Rutabaga, round and with a slightly waxy outer coating, may over be passed up in the grocery store for its somewhat unusual appearance. Or, many people may simply be unsure of what exactly a rutabaga is, under the impression that it’s strictly for use in soups or meant only to be consumed with other foods.
So here’s the scoop.
Rutabaga, referred to as a “swede” in other parts of the world outside of the United States, is an antioxidant-rich root vegetable with a sweet yet unmistakably bitter flavor. Technically, it is a cross between cabbage and a turnip.
Its roundness is characteristic of its shape, although there may be variations in size. While purchasing a large rutabaga may seem tempting, fight the urge. Grapefruit-sized ones that are free of visible marring like cuts or bruises are ideal.
Rejoice, Raw Foodists
A rutabaga can be eaten either raw or cooked. Either way, be sure to peel its skin just as you would a potato, then cut it according to your preference (sliced, cubed . . .).
A great raw food rutabaga snack involving just three additional, common ingredients is explained in the video above.
Top 4 Health Benefits of Rutabaga
Colon & Digestive Health
With 12 percent of the recommended daily value of fiber, rutabaga is very good for regulating your digestive system, helping the stomach produce the necessary bacteria that creates bile. Bile is instrumental in helping maintain levels of electrolytes which help prevent dehydration while also allowing the small intestine to properly absorb vitamins. A well-functioning digestive system keeps OUR BUTTS HEALTHY.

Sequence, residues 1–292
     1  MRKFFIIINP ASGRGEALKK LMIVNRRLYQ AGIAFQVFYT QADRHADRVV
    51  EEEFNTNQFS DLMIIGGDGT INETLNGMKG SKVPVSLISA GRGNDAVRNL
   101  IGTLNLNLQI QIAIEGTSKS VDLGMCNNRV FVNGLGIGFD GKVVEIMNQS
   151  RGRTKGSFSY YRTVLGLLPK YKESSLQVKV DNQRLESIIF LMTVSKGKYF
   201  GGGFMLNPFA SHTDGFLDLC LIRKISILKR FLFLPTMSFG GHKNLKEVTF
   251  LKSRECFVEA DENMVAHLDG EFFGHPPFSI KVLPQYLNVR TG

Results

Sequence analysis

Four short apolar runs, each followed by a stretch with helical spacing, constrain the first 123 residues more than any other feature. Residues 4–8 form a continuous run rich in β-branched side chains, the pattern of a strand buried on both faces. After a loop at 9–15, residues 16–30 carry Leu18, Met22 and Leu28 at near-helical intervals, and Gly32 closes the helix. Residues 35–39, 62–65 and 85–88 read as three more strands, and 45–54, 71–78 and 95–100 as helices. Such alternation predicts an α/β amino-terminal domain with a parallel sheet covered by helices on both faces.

Rutabaga contains all essential dietary minerals, especially magnesium and potassium, both of which are responsible for regulating metabolism and muscle contraction. Couple that with its fiber content and low calorie make-up (one cup has approximately 66 calories) and it’s also an ideal food to incorporate as part of a weight loss or weight maintenance routine.
Rutabagas are a phytochemical powerhouse, rich in sulfur compounds known as isothiocyanates. These compounds, according to the Linus Pauling Institute at Oregon State University, may play a role in removing carcinogens from our bodies. Furthermore, rutabagas are cruciferous. Like other cruciferous vegetables such as broccoli, they are known to aid in fighting cancer.
It’s suggested that vitamin C, which rutabaga is abundant in, may help keep wheezing in asthma patients at bay. One cup contains approximately 53 percent of the recommended daily value.
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